Hacks clear path for US cyber bill

October 20, 2015 5:04 pm

Hacks clear path for US cyber bill
By Gina Chon in Washington

After a year of high-profile hacks on companies and the US government, the business lobby has its best chance of prevailing against privacy advocates and convincing the US Congress to approve a cyber information sharing bill, which supporters claim would help prevent breaches.

Similar bills that would allow companies to share information with the government about cyber threats, and protect them from privacy or antitrust liabilities when doing so, have failed in the past five years amid opposition from privacy and civil liberty advocates.

Their case was strengthened after Edward Snowden leaked information in 2013 about a US surveillance program run by the National Security Agency, creating suspicion about sharing information with the government. In backing privacy advocates, the White House also threatened to veto cyber information sharing bills.

But since data for 185m people was stolen in alarming breaches at insurer Anthem, JPMorgan Chase and the human resources arm of the US government, defending against hacks has begun to take priority over privacy concerns. Organised crime and state-sponsored hacks by China and Russia pose some of the most serious cyber threats, according to US officials.

After months of arguments between the bill’s supporters and critics, the Republican-controlled Senate could take up the bipartisan cyber information sharing bill as early as Tuesday. The bill, which would also need to be approved by the House of Representatives, has the best chance of passing in years and is now backed by the White House.

The US Chamber of Commerce, Wall Street lobbying groups, the American Petroleum Institute representing oil companies and other groups have argued that such a bill is needed to protect them from lawsuits when they share information with the government about cyber threats.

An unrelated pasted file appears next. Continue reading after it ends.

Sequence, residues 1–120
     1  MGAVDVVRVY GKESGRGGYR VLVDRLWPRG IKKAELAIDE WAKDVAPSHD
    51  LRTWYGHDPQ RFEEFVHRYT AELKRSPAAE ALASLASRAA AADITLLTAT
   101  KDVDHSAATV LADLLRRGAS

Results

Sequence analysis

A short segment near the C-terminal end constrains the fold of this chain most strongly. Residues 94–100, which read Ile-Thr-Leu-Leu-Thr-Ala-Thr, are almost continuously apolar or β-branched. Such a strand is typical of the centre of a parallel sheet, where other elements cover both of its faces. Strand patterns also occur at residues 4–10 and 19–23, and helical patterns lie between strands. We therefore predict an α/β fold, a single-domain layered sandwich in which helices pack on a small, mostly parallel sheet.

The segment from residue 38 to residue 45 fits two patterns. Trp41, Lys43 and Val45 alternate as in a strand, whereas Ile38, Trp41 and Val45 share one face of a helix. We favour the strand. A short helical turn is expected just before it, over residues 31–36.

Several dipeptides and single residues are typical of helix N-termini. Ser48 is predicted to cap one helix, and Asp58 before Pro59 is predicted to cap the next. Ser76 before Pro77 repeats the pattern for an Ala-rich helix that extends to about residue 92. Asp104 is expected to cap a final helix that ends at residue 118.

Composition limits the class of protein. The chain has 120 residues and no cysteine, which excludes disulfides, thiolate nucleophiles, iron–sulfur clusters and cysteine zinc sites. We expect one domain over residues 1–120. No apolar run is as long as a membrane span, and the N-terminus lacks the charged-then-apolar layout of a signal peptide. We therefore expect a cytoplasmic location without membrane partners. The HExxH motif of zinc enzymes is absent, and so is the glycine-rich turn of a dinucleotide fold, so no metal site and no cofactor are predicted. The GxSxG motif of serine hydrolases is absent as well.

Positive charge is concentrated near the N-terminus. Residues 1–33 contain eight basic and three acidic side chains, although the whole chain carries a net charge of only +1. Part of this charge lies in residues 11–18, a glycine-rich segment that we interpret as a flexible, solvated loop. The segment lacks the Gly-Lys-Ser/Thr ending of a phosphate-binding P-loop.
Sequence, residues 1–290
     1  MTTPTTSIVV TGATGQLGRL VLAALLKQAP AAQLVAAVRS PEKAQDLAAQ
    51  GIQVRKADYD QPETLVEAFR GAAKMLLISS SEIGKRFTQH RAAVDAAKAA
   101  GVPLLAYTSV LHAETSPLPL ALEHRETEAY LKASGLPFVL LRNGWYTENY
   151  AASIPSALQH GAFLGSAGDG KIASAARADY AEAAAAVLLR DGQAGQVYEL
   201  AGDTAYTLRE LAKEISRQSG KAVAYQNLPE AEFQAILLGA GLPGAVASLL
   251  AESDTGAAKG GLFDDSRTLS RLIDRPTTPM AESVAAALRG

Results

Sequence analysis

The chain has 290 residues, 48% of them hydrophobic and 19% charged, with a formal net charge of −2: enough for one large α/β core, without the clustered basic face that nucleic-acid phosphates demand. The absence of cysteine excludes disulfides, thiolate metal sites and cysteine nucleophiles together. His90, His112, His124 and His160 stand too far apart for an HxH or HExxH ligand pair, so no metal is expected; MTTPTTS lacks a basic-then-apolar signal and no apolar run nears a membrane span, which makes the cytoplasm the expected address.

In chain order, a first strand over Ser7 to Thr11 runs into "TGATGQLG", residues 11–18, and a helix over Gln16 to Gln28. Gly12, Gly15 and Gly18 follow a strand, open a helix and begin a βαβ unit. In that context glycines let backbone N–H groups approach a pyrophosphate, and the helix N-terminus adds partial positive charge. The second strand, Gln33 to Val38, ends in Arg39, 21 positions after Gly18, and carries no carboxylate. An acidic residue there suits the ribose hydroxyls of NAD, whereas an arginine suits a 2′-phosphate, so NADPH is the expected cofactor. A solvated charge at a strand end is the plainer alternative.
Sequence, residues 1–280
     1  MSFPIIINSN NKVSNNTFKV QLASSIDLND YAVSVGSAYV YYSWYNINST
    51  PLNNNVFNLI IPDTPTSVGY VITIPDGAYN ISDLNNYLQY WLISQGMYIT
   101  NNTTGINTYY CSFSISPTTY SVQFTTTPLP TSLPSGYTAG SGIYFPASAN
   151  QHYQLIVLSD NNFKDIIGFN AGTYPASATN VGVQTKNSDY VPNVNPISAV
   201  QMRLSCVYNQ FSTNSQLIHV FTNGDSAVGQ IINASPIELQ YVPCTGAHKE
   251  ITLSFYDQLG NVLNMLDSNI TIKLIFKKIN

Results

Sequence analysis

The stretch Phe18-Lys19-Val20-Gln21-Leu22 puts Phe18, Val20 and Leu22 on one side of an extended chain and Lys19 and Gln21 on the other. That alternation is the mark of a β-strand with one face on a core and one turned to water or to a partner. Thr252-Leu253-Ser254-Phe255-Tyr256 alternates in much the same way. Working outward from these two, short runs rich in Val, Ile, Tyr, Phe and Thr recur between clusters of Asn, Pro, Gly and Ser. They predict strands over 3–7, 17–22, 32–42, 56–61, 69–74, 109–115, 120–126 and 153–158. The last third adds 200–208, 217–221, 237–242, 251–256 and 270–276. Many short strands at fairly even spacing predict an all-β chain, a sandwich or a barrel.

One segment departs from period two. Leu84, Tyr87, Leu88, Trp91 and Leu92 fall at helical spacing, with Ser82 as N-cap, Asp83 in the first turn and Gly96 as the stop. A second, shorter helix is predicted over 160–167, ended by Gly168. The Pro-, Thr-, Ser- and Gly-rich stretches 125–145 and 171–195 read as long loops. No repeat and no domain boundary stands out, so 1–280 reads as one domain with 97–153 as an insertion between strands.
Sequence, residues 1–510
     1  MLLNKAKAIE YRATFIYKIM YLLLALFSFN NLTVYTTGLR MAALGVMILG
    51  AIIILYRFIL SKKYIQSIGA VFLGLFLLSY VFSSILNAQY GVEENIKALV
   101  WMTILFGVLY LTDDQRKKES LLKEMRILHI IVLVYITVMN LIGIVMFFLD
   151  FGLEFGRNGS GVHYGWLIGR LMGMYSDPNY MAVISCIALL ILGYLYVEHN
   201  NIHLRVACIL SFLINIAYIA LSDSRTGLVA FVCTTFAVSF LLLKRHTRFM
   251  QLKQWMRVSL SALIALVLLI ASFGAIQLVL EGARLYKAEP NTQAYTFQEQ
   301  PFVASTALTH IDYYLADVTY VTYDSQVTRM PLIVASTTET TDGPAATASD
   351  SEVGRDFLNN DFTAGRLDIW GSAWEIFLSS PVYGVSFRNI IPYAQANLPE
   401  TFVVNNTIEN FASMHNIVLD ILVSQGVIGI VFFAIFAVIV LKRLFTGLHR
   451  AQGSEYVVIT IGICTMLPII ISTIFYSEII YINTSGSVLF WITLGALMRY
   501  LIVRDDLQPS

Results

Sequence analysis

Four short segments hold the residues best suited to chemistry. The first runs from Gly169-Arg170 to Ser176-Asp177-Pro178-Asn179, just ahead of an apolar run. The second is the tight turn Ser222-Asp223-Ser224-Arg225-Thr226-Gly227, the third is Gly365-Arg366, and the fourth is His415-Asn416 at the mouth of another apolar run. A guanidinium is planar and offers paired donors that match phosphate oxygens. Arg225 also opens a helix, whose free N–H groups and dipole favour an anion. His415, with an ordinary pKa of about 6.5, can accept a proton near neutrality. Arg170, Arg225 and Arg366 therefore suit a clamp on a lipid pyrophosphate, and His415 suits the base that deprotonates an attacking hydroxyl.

“We need a team America approach to taking on cyber criminals and this bill will help us do that,” said Tim Pawlenty, president of the Financial Services Roundtable. “Without a team approach, the personal information of consumers is more at risk and we urge political leaders to collaborate and get this crucial bill over the finish line.”

The roundtable, which includes Citigroup, BlackRock and Visa as its members, launched an advertising campaign on Monday to push for passage of the bill.

On the other side have been privacy advocates, civil liberty groups, and tech companies like those in the Computer & Communications Industry Association, whose members include Google and Facebook.

“[The bill’s] prescribed mechanism for sharing of cyber threat information does not sufficiently protect users’ privacy or appropriately limit the permissible uses of information shared with the government,” the association said.

The bill’s cosponsors, Republican Richard Burr and Democrat Dianne Feinstein of the Senate Intelligence Committee, have made some compromises to appease the privacy advocates. For example, the bill provides liability protection only in cases when information is shared with the Department of Homeland Security, a civilian agency.
[The bill’s] prescribed mechanism for sharing of cyber threat information does not sufficiently protect users’ privacy or appropriately limit the permissible uses of information shared with the government

- Computer & Communications Industry Association

Protection would not be provided in cases where companies share information with military or intelligence agencies, such as the NSA or the Defence department. But privacy advocates wanted businesses to share information only with DHS in all cases.

Threat information could only be shared for “cyber security purposes,” while a provision allowing the government to use the information to investigate violent felonies was eliminated.

Privacy and civil liberty groups also oppose the bill’s provision that allows for defensive measures against breaches, which they say could be interpreted to mean hacking back and could cause harm to what could be innocent third parties.

Retaliatory hacking is illegal and is discouraged by law enforcement officials, partly because of the difficulty in attributing the source of a cyber attack.

The bill’s proponents argue that the bill only allows for defence and prohibits offensive moves. Defensive measures do not include actions that “destroys, renders unusable, [provides unauthorised access to] or substantially harms” a third party network, according to the bill.

Copyright The Financial Times Limited 2015.


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